—John T. Kuehn, Ph.D.
Assistant Professor of Military History
U.S. Army Command and General Staff College
The author’s response to Dr. Kuehn—I thank Professor Kuehn for writing such a serious letter regarding my article on the Revolt of the Admirals. His main concern seems to be the timing of the piece and implies that there is some sort of agenda present on my part due to the recent rapprochement between the Navy and Air Force. He implies that I am trying to scuttle that cooperation. Not at all. The timing is simply coincidental. The Naval History Office sent me some material on the Revolt, and the idea had been rattling around in my head for some time before I finally was able to sit down and write. If there is an issue of timing involved, it concerns upcoming Defense budget cuts; as noted, that is when inter-Service rivalry most often rears its ugly head. I hope that does not occur and intended the piece as a warning against it.
Thankfully, Professor Kuehn does not try to defend the indefensible. The Navy hierarchy was outrageously out of bounds in 1949, and no attempt at “push back” or talk of fairness in the budget debates of the time can excuse their behavior. Some within the Navy deliberately and maliciously slandered the chief of another Service, the secretary of another Service, and the Secretary of Defense. There is absolutely no excuse for that insubordination. None. It is irrelevant if later events would seem to support some of their contentions: there were other methods, less reprehensible, than spreading libelous rumors against senior civilian and military leaders to make their case. That is the main argument of my article.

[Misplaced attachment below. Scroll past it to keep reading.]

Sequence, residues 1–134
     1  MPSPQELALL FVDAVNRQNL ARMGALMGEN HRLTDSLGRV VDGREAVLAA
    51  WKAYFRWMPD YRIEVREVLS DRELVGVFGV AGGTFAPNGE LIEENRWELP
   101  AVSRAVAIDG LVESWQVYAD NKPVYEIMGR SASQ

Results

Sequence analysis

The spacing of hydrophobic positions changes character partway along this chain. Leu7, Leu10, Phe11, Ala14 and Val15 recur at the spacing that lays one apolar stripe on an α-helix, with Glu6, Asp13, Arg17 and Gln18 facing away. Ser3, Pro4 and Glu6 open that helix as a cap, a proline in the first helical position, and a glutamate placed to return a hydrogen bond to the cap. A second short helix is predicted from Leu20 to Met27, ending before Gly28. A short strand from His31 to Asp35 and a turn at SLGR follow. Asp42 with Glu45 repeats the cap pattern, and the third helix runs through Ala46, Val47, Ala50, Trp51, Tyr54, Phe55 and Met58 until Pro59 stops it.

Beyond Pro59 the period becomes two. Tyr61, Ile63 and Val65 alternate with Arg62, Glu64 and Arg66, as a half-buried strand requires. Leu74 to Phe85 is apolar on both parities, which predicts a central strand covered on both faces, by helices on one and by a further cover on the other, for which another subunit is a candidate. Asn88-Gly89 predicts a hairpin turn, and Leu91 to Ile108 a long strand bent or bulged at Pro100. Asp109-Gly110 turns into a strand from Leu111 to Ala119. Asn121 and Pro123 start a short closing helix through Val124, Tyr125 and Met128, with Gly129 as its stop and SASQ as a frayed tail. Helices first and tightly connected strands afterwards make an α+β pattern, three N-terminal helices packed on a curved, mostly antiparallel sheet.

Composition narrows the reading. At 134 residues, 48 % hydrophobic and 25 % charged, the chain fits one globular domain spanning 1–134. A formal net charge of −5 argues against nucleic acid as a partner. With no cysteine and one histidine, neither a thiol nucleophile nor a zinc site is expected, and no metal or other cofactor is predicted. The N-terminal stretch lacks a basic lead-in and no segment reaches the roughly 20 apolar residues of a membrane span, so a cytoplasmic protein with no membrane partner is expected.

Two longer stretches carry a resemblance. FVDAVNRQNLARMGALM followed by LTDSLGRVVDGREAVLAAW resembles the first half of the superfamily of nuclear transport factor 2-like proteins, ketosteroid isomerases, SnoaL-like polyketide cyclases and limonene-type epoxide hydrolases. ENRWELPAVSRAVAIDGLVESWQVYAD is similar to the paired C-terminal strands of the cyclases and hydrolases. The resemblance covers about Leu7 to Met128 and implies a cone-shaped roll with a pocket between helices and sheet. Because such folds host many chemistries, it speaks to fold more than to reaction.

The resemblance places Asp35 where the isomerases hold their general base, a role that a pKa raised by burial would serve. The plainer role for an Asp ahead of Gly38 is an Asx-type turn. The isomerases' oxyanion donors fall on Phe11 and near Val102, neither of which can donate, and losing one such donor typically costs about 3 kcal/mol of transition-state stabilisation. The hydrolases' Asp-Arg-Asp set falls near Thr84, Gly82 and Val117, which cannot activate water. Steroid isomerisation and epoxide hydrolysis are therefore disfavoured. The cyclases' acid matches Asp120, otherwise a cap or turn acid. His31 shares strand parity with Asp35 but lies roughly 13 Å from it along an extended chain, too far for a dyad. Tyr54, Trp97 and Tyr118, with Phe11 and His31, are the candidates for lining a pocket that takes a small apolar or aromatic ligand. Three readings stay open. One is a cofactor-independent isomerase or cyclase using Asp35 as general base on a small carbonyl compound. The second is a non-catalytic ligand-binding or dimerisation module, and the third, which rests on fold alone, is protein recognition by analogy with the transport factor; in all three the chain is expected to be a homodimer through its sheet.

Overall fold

Regarding the B-36: it was not a great airplane, but it was the best heavy bomber in the world at the time. Thankfully, it was never needed for a war against the Soviet Union, but those who flew it—and there are countless testimonials from them—believed that it would get through to its targets in enemy territory with acceptable losses and fulfill the dictates of the national war plans. Its combination of speed, altitude, and electronic countermeasures—the last being of tremendous importance—convinced those veterans that the B-36 would do the job. Because it never went to war, the contentions for and against the big bomber’s combat capabilities must remain conjecture.
Incidentally, small point, the Air Force did not receive the bulk of Defense Department funds in 1949 as Professor Kuehn argues. That situation did not occur until after the Korean War when President Dwight Eisenhower announced his strategic policy of massive retaliation. I would note that the Chairman of the Joint Chiefs of Staff at that time was Admiral Arthur Radford.